I had originally envisioned spending $8,000 on round-trip travel to/from Europe, but we came in under budget with approximately $4,500 of “all-in” costs, a $3,500 savings.
We saved money on lodging by doing longer-term rentals. Renting apartments by the month on Airbnb costs about the same as a two-week rental in most European cities. Staying in a single location for a longer time period also gave our young boys a sense of stability. That was essential, as they thrive on routine. The downside for a monthly rental is the strict cancellation policy — no refunds if we ended our stay early or didn’t show.
In total, we spent $6,672 on three-bedroom Airbnb rentals for our time abroad. We started with 10 days in Barcelona, stayed in Valencia for a month, Madrid for a few weeks, and then concluded in Seville. Except for the apartment in Valencia (which was spectacular), we prioritized budget over location and amenities.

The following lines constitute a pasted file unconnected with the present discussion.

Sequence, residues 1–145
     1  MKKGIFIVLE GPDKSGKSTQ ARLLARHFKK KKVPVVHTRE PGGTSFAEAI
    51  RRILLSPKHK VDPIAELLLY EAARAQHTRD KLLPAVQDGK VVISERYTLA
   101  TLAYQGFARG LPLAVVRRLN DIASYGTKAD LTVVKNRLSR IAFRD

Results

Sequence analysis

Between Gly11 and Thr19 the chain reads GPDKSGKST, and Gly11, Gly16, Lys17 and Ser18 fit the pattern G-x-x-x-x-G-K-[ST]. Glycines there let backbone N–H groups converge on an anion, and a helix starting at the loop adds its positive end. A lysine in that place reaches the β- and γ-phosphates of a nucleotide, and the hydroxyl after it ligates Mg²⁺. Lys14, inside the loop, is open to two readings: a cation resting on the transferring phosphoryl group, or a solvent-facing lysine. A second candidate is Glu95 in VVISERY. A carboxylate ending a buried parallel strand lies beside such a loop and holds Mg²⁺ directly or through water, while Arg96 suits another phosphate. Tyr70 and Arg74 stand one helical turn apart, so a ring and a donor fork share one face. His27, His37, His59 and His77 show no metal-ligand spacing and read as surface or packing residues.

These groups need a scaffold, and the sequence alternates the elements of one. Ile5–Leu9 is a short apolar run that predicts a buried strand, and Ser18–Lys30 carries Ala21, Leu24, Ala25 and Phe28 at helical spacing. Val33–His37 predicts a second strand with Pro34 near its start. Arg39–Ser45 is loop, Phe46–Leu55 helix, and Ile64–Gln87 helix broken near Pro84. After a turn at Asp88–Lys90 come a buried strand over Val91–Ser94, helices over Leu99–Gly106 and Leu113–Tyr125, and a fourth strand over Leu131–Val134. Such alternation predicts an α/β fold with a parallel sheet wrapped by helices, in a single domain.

Beyond flights and rentals, we booked travel insurance in 2017. Funding these big expenses when our earnings were strong made the adventure more manageable. We also waited to book the return flights and Airbnb rentals until we were absolutely certain that our trip would happen; our January 2018 flight was the only thing booked prior to December 2017.
Transportation costs were affordable. We stuck to large cities and benefited from public transit. We used the bus or metro system the entire time, never opting for a car rental. We traveled between cities (i.e., Barcelona to Valencia) using high-speed AVE trains. Staying within Spain made it easier to travel with little ones because flights to another European country would have involved extra time, cost, and hassle.
3. Purchases abroad